Scientific Knowledge for Modern Epicureans - the Means to Dispel Fear and Anxiety

  • We live in a time in which we have access to knowledge to scientifically understand phenomenon and we value science as the tool for the proper understanding of the world. Proper knowledge about the world dispels fear and anxiety and most importantly leads to making more prudent decisions. Proper knowledge also helps maintain peace of mind as a foundation from which to more deeply enjoy pleasures which arise.

    After a recent move to a place which gets frequent thunderstorms, I noticed a lightening warning sign posted in a very big open park near where I live. I've lived most of my life in places with very few thunderstorms, so never had to think about it before. Here is a good read on the science of lightening. Also the National Weather service lightening safety tips.

    Beyond observable phenonmena, there have been incorrect ideas (myths) in our current times which gain a following on the internet - for example past stories about a possible flip of magnetic poles -- read here about why not to panic. Rather than observable phenonmena, this is dealing with the hype we may encounter on the internet and in the news.

    Yet there is other science which points toward very real potential future problems, such as a strong solar flare disrupting the power grid, all electronics, and the internet. I would be curious here to know how others think about such things -- and does pondering the uncertainty of the future bring us back around to focus on enjoying more sensory and active pleasures?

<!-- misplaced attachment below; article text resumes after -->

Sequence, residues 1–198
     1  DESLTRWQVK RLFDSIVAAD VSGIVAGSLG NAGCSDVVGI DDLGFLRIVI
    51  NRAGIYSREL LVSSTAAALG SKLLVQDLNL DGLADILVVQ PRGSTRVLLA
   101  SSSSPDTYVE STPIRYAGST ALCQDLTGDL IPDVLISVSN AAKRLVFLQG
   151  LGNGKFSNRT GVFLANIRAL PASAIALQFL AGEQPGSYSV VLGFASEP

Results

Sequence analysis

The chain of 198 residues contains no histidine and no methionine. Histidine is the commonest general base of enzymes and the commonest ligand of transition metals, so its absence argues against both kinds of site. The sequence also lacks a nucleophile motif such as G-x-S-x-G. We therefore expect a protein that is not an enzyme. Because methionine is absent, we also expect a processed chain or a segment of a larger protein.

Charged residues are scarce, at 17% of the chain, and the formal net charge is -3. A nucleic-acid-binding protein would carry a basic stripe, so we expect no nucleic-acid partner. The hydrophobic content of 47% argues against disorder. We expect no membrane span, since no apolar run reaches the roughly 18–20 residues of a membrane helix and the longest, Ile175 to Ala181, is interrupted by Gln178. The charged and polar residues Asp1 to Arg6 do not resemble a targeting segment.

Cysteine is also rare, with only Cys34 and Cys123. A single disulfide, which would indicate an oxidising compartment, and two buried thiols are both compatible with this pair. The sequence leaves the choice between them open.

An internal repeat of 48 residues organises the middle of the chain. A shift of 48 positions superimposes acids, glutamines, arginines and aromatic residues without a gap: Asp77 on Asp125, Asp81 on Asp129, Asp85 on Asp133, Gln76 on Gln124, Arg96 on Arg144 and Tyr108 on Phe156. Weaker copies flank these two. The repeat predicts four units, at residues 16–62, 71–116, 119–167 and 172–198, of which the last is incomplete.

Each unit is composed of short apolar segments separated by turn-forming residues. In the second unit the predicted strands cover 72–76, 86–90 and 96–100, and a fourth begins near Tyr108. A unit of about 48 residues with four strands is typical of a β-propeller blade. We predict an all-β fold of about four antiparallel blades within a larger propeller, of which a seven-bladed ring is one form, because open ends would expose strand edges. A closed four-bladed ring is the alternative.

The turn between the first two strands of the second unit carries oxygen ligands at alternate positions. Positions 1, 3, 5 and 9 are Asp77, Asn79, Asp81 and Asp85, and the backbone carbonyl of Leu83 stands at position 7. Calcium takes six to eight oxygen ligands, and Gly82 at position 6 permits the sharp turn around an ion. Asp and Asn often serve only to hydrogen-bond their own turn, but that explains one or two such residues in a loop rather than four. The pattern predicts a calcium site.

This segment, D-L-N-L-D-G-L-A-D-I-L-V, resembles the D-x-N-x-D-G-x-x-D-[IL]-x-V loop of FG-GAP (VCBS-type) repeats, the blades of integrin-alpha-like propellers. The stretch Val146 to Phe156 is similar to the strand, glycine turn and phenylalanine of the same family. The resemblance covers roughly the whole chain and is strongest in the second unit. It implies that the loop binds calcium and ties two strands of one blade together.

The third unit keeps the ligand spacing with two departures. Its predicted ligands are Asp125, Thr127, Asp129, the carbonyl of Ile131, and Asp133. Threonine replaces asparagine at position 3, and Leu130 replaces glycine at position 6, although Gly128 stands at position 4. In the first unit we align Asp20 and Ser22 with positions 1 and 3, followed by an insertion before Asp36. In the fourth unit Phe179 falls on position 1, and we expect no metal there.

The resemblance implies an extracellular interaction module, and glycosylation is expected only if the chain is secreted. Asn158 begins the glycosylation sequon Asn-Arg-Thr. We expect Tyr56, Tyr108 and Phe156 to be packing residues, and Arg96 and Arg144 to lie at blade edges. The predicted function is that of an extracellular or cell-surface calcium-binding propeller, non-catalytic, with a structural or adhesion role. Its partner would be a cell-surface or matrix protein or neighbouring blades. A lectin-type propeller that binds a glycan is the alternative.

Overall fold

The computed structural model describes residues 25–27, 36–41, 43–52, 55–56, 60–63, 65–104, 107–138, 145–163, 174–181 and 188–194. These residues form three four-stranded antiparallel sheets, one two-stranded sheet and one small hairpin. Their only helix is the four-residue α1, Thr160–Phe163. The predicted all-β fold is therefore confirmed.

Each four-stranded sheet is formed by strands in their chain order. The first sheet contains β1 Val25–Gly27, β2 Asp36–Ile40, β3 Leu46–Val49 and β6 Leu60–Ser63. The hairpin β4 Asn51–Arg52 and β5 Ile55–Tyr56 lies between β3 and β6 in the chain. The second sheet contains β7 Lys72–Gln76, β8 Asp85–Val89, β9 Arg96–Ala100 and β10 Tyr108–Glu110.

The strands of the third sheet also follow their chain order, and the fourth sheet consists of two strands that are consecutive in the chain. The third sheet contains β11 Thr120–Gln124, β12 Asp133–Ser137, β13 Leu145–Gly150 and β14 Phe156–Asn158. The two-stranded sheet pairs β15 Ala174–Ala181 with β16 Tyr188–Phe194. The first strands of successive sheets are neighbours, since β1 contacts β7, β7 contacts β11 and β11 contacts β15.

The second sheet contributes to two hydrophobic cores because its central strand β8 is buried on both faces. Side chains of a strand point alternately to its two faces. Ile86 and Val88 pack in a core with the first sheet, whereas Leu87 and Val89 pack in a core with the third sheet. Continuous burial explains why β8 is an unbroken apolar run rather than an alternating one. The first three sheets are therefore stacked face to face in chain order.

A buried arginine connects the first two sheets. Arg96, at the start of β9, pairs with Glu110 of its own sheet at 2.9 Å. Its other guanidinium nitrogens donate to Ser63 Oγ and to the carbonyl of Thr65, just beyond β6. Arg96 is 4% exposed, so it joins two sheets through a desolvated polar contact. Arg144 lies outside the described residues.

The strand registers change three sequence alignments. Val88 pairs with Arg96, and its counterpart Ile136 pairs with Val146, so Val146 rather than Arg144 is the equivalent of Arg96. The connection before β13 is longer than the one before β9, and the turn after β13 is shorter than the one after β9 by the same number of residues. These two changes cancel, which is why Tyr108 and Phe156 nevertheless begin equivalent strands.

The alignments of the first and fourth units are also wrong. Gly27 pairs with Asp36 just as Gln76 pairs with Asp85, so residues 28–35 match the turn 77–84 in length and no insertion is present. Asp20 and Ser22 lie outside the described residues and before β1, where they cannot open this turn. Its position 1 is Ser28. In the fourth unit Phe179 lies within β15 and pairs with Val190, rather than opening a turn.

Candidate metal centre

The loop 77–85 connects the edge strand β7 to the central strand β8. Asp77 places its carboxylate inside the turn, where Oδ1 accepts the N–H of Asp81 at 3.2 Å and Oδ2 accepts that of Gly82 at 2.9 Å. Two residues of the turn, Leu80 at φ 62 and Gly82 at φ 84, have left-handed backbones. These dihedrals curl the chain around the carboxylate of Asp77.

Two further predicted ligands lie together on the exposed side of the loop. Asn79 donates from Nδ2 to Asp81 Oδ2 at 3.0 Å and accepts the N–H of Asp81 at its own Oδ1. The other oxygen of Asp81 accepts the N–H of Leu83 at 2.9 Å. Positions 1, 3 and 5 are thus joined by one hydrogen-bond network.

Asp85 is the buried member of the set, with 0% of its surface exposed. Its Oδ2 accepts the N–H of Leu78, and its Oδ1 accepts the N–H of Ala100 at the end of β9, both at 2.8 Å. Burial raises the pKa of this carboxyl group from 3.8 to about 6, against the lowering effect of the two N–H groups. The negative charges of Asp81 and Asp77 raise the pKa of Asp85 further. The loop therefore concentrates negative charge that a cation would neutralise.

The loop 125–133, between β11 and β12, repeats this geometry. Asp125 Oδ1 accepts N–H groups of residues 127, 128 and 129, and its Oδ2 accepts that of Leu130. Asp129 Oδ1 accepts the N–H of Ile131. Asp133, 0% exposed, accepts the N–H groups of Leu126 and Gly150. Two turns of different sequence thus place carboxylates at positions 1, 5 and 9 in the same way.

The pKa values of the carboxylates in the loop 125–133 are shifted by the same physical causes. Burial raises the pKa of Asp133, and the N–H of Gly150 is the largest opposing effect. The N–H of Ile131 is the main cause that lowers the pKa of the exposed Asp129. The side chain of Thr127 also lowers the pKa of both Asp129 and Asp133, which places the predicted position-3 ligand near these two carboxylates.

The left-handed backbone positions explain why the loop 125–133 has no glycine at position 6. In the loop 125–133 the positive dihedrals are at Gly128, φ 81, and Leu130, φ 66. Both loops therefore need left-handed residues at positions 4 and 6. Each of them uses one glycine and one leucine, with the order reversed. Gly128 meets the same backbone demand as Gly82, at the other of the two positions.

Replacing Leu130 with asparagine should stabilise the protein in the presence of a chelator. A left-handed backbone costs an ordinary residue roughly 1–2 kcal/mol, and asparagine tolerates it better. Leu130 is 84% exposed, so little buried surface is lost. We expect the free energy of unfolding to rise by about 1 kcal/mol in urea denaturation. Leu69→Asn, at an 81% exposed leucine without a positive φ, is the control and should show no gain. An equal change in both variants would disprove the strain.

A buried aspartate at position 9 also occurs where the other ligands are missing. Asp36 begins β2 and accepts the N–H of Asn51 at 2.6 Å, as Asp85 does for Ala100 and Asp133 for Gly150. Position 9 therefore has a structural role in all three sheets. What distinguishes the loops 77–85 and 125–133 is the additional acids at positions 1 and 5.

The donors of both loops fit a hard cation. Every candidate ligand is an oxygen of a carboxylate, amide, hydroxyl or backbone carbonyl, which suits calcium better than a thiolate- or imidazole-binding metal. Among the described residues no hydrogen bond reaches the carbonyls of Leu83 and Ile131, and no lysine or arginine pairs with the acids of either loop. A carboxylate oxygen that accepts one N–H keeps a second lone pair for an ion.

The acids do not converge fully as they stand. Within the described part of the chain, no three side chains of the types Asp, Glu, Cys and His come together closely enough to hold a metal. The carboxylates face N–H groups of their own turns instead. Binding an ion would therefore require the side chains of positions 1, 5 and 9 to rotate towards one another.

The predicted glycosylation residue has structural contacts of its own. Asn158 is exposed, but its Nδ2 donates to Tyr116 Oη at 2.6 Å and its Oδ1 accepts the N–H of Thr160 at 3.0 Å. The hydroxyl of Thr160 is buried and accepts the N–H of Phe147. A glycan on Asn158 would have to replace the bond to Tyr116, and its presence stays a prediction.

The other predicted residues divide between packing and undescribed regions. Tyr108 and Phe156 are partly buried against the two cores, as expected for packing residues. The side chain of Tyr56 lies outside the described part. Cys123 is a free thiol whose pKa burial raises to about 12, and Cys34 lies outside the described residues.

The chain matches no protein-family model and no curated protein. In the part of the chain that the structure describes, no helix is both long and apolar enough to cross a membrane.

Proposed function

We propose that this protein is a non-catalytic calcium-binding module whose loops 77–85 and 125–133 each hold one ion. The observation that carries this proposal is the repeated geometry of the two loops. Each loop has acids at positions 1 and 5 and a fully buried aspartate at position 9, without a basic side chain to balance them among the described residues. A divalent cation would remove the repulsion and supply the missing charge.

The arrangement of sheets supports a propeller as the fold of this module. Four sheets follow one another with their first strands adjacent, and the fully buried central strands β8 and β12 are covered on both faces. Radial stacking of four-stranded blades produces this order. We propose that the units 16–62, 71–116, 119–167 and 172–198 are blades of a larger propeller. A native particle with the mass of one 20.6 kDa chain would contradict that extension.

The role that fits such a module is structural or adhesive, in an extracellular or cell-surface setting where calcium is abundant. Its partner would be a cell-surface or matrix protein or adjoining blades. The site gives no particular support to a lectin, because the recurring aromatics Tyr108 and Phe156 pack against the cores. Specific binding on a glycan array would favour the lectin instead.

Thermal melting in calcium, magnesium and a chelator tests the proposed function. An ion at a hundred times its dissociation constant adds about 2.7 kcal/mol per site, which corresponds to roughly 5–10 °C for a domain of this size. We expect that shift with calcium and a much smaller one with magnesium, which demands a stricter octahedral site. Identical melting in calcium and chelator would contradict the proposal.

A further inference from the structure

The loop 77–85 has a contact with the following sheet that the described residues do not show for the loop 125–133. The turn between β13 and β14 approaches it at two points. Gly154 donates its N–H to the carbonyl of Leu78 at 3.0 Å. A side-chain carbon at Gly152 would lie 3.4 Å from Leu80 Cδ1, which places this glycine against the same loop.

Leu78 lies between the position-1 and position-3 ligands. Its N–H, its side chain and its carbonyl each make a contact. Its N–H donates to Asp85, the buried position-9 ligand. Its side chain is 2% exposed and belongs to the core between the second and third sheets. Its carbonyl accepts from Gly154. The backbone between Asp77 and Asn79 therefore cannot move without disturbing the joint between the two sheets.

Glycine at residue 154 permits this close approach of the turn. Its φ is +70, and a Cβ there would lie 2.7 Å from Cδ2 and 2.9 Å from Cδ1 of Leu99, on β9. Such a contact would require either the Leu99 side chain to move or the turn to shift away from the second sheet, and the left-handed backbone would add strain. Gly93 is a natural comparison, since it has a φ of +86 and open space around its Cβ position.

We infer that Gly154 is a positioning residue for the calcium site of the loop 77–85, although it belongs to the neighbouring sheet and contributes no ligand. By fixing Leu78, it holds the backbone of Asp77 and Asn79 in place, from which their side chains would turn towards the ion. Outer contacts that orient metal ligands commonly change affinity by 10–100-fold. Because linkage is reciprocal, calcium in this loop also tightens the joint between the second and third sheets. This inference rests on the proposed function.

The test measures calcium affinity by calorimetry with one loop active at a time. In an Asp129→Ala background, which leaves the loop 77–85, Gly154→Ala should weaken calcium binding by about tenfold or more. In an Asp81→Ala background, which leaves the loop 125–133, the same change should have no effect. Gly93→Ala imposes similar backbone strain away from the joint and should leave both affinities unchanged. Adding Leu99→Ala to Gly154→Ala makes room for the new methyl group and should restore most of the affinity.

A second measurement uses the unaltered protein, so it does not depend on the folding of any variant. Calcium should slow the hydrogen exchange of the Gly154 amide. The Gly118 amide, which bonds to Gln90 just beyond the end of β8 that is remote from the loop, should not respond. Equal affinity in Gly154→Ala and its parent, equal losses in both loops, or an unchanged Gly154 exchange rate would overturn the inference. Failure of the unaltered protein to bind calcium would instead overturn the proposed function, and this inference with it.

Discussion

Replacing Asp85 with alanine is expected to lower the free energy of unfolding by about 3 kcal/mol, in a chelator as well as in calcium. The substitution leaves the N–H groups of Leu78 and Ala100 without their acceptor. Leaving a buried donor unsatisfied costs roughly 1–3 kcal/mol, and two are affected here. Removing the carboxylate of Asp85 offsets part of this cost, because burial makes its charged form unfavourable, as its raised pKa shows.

• There's also the human-made version of the solar flare: EMP weapons:…p-attacks-protection.html

    I bet Matt would be in a better position than most of us to know whether EMP weapons are fictional or real and how much "worry" to exert about those.

    As for pondering the uncertainty of the future, I would say once we identify that:

    "... with us lies the chief power in determining events, some of which happen by necessity) and some by chance, and some are within our control; for while necessity cannot be called to account, he sees that chance is inconstant, but that which is in our control is subject to no master, and to it are naturally attached praise and blame"

    ... then we act appropriately to mitigate those possibilities that are reasonable to mitigate.

    As far as the rest goes, and pondering beyond that, we just take the realistic attitude that "we must then bear in mind that the future is neither ours, nor yet wholly not ours, so that we may not altogether expect it as sure to come, nor abandon hope of it, as if it will certainly not come."

    And we take some degree of confidence that: "In but few things chance hinders a wise man, but the greatest and most important matters, reason has ordained, and throughout the whole period of life does and will ordain."